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Old December 25th, 2013, 10:50 PM
Bruce Chafkin1 Bruce Chafkin1 is offline
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Join Date: Jan 2006
Location: Ibiza
Posts: 615

Originally Posted by Storm'n Norman View Post
As an Aussie who currently resides in the USA and am an experienced cruiser (80 plus cruises), let me give you an insight to tipping in Australia.

Many people notice that America is the land of the tips – there is good reason for this beyond just a tradition. American employees do not have a minimum wage like we do in Australia, this means that a waiter or a waitress could be working for well below what any of us would even get out of bed for (this may not be the case in all American states, but most). In turn, a tip is a necessity for most of these employees as it is the tips that they are actually living off – not the minimum wage. In Australia however, we do have a minimum wage, but sometimes it can be very good to leave a tip as the person might be working for quite a low wage depending upon age.

It is totally up to you. Some restaurants include a tip in the bill before you even add your own, this tends to really annoy me as they include it as a given service charge. Check whether or not that is included on the bill before leaving a tip. I tend to leave a tip of 10% or less if the service was good but I feel that I am feeding a tradition that is really not relevant to Australia’s culture.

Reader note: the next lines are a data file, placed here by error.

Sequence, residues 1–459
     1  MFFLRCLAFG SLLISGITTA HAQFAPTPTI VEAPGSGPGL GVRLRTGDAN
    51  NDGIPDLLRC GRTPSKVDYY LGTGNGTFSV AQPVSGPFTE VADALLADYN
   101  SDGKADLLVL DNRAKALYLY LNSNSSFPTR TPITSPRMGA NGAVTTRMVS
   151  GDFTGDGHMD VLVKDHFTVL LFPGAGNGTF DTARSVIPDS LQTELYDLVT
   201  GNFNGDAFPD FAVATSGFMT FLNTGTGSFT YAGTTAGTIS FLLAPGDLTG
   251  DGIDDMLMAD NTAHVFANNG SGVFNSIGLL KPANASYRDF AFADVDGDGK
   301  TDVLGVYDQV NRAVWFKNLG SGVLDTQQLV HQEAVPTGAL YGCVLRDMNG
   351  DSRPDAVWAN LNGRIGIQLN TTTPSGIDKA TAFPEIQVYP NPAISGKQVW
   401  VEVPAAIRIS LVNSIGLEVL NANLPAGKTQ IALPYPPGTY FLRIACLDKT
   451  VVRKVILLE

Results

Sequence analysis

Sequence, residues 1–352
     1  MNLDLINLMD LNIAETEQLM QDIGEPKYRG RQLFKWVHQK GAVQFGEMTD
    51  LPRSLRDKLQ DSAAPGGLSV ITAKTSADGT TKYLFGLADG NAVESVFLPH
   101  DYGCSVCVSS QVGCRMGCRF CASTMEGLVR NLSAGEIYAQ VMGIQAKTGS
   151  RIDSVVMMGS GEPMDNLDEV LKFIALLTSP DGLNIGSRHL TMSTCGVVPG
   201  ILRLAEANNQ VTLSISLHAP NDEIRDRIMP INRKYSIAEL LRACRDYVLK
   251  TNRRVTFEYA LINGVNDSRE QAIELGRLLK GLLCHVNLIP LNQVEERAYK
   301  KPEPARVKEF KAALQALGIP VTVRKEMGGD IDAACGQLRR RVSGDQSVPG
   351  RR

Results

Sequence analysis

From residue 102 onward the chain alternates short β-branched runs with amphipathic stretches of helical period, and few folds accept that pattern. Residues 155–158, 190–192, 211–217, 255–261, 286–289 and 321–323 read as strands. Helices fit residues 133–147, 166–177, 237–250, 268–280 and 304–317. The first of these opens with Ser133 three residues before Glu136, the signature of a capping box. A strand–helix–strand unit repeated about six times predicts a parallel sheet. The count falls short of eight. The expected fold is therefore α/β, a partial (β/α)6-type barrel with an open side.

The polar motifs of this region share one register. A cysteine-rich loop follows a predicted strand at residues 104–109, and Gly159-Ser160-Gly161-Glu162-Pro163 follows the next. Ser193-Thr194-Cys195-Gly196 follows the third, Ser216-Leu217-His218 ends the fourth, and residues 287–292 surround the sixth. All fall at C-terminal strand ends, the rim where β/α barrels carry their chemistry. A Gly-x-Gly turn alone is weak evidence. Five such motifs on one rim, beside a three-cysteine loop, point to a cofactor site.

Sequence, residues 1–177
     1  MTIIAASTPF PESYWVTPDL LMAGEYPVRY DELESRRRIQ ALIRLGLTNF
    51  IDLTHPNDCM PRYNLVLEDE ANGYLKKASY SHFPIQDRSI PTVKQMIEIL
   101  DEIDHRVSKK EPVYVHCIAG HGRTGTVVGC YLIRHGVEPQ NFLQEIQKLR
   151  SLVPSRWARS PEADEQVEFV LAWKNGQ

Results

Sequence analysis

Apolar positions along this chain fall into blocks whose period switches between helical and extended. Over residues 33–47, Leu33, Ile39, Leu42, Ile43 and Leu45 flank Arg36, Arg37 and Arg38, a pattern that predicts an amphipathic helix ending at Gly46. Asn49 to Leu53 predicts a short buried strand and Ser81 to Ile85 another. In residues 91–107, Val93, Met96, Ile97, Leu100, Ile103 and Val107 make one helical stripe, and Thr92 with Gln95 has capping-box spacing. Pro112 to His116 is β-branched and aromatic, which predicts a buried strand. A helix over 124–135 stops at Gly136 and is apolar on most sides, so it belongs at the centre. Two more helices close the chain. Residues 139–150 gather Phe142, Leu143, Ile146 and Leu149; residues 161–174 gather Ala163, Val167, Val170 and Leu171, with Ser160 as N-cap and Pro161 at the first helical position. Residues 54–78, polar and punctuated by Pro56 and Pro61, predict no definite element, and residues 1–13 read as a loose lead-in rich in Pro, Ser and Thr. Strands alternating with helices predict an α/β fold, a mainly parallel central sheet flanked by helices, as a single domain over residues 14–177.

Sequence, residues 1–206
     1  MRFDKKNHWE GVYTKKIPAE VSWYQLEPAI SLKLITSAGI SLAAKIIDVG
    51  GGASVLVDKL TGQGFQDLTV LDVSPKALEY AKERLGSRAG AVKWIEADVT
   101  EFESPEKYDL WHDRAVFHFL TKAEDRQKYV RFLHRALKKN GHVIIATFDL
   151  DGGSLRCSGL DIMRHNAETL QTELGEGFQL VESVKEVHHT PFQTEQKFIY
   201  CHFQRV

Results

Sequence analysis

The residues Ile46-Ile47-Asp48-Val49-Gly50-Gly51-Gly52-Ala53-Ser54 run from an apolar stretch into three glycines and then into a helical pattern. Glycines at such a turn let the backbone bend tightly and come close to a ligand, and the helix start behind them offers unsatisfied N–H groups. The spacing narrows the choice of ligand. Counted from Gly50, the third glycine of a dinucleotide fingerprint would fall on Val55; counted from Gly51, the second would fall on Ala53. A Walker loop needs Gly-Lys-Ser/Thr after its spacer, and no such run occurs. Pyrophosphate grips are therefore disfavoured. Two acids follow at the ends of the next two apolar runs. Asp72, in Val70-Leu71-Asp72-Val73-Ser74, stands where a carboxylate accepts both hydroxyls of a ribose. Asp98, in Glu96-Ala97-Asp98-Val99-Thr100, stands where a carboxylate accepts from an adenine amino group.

Travel guides all seem to differ in their opinions on when to tip and when not to tip in Australia, and rightly so, it's a complicated matter. Again, Australian service industry workers are paid better than their American counterparts, so they aren't relying on tips to pay their bills, however if you went to a city restaurant, enjoyed excellent service from a friendly waiter, thought the food was wonderful, gave a $100 note to cover a $96 bill and then asked for change, you'd be committing a serious cultural sin. At the same time, if you ordered a meat pie from a roadside café in a rural town and gave a large tip, you'd probably get a few sideways glances (unless you had an American accent, in which case they'd be more than happy to take advantage of your generosity).

The best rule to follow is that it's polite to tip someone (10%) if they've given you good service, but in most cases - it's not expected!

I hope this assists!
My ship is just finishing a 2 month voyage around Australia. We carried about 80% Australian passengers during that period.
About 80% of those people refused to tip the staff, claiming that "we don't tip in Australia - or anywhere else, and why don't you pay your staff a proper living wage".
As a result, my service staff earned next to nothing for those 2 months.

But strangely, as we had the opportunity to dine ashore in many of the cities we visited, we found the tipping practices in Australia to be generally in conflict with the stories told us by our Aussie passengers.

In Darwin, Cairns, Exmouth, Fremantle, Adelaide, and Melbourne, the restaurant staff added a "service charge" to our bills. This service charge varied quite widely, but was always between 15% and 30% on top of the total bill. When we asked about it, we were told that this money was to pay the salaries of the service staff - and it was not negotiable.

We were not charged this "service charge" in Sydney, Brisbane, or Hamilton Island.

Does Australia have a double standard on this tipping thing?
Or are they just being cheap and using this no tipping story to save a dollar?
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